You Are Now Entering…

I’ve been watching the original Twilight Zone series on Netflix, and loving it. I’m currently halfway through season 2, and last night I saw the episode entitled “Night of the Meek”. In this episode, Henry Corwin, a department store Santa, gets drunk and is fired from his job. He informs the store manager that the reason he gets drunk all the time, and especially at Christmas, is that he can’t bear to see all the suffering and sadness in the world, especially in the faces of children, and especially at Christmastime,and know that there’s nothing he can do about it. Look at this picture of him. Doesn’t he look sad?

But the night he’s fired, Henry stumbles across a magical burlap sack that seems, at first, to be full of nothing but garbage. But he soon finds that it’s full of gifts, and not just any gifts: the heart’s desire of anyone he encounters. He gives gifts to the downtrodden at a Salvation Army soup kitchen, to the manager of the department store he was just fired from, and to the neighborhood kids.

Finally the bag is empty, and he lets it drop to the ground and goes on his way… only to encounter a sleigh, some reindeer, and an elf who says to him, “We’ve been waiting for you!” Henry’s own wish — that he could be the real life Santa Claus to give gifts for everyone — has come true.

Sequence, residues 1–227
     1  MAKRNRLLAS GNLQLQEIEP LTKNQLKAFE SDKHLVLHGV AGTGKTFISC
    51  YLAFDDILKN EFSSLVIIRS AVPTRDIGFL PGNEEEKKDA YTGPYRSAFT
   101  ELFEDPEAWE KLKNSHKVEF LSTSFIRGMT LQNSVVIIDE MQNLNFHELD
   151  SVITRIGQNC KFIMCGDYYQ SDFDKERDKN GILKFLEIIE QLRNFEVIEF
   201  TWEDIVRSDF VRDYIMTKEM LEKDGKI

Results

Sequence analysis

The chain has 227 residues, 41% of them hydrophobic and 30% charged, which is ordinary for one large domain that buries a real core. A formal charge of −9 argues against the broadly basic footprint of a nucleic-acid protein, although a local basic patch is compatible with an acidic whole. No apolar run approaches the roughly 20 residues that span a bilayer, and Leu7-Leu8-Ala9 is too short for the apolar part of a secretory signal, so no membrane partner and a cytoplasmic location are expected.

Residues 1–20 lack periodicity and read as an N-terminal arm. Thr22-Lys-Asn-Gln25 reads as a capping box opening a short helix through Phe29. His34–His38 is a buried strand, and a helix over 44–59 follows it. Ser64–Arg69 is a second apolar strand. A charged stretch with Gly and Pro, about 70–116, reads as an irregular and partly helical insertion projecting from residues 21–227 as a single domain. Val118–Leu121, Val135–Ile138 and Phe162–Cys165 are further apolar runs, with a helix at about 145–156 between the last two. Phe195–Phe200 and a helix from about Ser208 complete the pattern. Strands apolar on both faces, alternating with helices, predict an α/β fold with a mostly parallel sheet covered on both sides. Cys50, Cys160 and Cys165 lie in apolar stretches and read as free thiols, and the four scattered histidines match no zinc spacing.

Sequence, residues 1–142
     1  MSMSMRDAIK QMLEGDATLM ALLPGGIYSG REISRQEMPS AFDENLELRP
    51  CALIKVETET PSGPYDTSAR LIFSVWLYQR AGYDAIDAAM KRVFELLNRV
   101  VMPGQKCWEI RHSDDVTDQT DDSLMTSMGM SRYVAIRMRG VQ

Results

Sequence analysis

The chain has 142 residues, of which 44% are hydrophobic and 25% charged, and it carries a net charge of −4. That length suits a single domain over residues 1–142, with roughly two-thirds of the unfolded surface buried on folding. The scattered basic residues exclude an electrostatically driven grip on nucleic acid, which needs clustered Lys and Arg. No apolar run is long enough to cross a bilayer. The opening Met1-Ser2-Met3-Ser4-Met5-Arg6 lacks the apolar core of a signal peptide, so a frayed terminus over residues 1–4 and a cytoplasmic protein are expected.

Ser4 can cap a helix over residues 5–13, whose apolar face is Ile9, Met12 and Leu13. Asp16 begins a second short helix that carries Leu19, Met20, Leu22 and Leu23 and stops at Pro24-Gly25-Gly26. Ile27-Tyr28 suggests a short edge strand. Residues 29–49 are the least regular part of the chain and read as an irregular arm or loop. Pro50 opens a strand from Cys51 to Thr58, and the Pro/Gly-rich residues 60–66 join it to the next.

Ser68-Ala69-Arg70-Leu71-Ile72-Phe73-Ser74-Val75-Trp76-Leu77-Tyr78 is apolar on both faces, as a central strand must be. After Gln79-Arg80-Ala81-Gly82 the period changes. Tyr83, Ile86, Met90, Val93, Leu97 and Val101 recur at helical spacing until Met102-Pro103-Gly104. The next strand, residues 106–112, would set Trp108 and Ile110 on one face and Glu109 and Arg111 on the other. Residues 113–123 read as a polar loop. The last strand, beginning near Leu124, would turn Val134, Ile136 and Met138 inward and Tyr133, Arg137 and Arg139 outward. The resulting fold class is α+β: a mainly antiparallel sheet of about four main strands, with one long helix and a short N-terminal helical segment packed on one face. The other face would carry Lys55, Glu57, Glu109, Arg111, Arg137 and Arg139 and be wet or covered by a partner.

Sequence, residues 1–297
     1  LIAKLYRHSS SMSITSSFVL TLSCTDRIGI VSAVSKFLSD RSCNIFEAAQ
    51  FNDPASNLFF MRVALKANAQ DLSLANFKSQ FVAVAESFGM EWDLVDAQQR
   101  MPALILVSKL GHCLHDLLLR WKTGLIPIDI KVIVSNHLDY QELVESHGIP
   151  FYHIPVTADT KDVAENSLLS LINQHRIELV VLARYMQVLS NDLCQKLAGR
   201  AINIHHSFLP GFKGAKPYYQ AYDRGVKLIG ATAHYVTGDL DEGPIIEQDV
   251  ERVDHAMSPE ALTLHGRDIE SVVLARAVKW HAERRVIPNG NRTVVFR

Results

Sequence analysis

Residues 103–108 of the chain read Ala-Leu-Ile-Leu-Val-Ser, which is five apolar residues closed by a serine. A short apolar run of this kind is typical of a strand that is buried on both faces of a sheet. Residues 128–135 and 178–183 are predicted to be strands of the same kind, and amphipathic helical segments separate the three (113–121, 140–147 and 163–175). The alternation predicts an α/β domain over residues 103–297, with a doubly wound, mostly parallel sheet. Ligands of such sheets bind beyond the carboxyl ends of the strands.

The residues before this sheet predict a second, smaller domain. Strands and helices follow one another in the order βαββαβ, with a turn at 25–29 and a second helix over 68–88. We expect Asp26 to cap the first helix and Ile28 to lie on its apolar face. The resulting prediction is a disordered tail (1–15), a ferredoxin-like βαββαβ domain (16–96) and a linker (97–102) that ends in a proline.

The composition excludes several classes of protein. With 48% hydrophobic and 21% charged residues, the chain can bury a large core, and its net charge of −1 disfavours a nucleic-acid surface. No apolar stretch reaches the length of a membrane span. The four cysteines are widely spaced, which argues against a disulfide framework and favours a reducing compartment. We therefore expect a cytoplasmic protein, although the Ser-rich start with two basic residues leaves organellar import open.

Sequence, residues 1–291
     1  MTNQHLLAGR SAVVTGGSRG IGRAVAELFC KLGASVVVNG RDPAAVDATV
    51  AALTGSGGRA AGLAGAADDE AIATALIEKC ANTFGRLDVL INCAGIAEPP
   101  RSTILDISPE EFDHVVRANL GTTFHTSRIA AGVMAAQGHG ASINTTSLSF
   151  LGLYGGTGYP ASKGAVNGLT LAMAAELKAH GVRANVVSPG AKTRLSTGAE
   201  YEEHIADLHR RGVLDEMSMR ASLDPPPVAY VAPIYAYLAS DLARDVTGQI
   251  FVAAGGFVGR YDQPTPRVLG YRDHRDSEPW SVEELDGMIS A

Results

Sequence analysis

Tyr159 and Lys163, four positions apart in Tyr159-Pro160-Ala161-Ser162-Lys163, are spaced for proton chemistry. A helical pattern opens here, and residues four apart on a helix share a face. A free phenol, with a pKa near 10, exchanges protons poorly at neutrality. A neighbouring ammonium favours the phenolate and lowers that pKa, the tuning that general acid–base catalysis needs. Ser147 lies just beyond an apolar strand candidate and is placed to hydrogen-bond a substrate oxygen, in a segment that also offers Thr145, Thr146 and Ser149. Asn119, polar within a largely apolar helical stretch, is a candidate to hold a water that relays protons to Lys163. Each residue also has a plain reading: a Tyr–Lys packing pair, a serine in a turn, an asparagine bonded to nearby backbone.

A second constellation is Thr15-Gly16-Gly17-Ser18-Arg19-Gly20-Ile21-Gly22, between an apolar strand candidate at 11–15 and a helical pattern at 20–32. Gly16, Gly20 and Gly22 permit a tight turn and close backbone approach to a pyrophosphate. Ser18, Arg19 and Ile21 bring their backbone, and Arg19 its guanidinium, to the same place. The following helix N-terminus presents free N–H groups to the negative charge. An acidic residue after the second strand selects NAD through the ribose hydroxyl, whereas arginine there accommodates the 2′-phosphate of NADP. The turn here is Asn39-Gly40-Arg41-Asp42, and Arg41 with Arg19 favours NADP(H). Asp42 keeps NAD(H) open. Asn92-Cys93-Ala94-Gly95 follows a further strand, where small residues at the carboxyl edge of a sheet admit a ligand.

I personally think that “Night of the Meek” is one of the better episodes that Serling himself (who was born on Christmas Day) wrote, and it actually made me a little bit sniffly. When I read a book in 2003 called The American Fantasy Tradition, I was more than a little surprised to see that Rod Serling was not mentioned at all.

Reams and reams have been written about The Twilight Zone and its impact on American pop culture (especially in speculative fiction), and I won’t bother going into that here. For now, I’ll just say that the show definitely impacted my own creative sensibilities. Over the past couple of weeks, as I’ve been watching this show, I find myself feeling more inspired to work on my own fiction, and giving it more subtle twists and bits than I normally would be include toward. No one has ever accused me of being a very subtle writer, so perhaps binge-watching The Twilight Zone will help change that.